Feathers, Fins, and Fur: An Art Menagerie, November 5-January 14

Feathers, Fins, and Fur: An Art Menagerie features works by four artists, in a variety of media, that express our universal connection with animals. These artists tap into the collective unconscious to share their views on the human condition, environment, or personal experiences. Stop by to see works in clay by Caroline Douglas, fiber art by Carol Eckert, paintings by Terry McNerney, and mixed-media prints by Johanna Mueller.

Caroline Douglas became enchanted with clay when she spent summers as a teen at Penland School of Crafts in the mountains of North Carolina. She received a BFA in Ceramics at the University of North Carolina and has worked with clay for over 40 years. Currently, her figurative sculptures are evocations of a dream world inspired by mythology, fairy tales, and the antics of animals and children. She is based in Boulder.

Carol Eckert began experimenting with many textile processes at an early age. Though her university training was in painting and drawing, she found herself gradually drawn back to fiber, eventually discovering the basketry technique of coiling. Originally focused on vessel forms, she began to invent adaptations of this ancient process to produce complex pictorial compositions. The universal nature of animal symbolism and myth appeals to Carol and is often part of her artwork. However, recently ancient myths have given way to influences from 17th-century paintings of dead game, 18th-century cabinets of curiosity, and 19th-century natural history museums—humans’ early reverence for nature replaced by an assumption of dominion over the earth. She lives in Tempe, Arizona.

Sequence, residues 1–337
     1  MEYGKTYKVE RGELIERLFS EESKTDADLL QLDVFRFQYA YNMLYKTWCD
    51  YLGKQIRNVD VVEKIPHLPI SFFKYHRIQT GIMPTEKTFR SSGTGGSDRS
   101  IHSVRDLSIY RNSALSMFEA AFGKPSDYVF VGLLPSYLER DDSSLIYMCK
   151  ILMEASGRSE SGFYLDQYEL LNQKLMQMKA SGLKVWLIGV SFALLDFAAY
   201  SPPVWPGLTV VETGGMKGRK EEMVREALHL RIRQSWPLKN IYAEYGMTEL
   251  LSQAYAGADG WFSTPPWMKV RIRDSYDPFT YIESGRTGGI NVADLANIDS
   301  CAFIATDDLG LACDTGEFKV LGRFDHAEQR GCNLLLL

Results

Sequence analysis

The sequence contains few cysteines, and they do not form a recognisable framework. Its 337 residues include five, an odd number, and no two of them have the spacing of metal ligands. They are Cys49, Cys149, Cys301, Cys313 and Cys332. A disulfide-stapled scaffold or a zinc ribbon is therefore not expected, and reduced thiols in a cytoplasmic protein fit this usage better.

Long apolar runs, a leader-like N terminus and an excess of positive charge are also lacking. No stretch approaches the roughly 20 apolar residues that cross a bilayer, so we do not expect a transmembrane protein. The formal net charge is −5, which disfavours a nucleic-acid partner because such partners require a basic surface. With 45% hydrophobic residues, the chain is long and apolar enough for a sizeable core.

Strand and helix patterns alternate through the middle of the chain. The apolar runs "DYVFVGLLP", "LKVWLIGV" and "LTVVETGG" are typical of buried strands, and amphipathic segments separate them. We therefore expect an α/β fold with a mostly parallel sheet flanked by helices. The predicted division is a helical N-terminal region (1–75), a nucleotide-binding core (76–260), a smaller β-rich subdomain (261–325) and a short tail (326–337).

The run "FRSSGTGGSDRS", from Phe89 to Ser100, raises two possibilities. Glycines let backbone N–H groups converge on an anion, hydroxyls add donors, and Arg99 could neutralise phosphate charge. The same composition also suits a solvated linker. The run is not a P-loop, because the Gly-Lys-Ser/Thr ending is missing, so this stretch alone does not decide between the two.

Terry McNerney has been working in Fort Collins for nearly 30 years. He has created murals all around town including Jazz Alley (Mitchell Building); Lucile’s; Sonny Lubick Steakhouse; and CSU athletic offices to name a few. He has also painted murals for the City of Fort Collins Art in Public Places. The work featured in this exhibit includes a series of paintings highlighting the importance of bees as pollinators in our environment, and a life-size 3-dimensional sailfish form painted with an aquarium scene from a series that includes a barracuda, shark, mahi-mahi, and swordfish.

Johanna Mueller is a printmaker, artist, and entrepreneur, born and raised in Denver, now residing in Greeley, where she co-owns and operates Wonderhand Studios, a communal printmaking studio. Enhanced by printmaking’s history of narrative, her work explores the shared histories of humans, as told by animals. Through ambiguity, she feels animals can tell universal stories that weave anthropology, art history, and spirituality— our shared humanness—better than their human counterparts. Her piece I Knew You, Mountain Memories is shown above.

The Lincoln Center Art Gallery is open 12-6 pm, Wednesdays and Fridays, and during performances.

For more information visit lctix.com/social-by-nature.

Did you like what you just read?

Show your support for Local Journalism by helping us do more of it. It's a kind and simple gesture that will help us continue to bring stories like this to you.

Click to Donate

Be the first to comment

Leave a Reply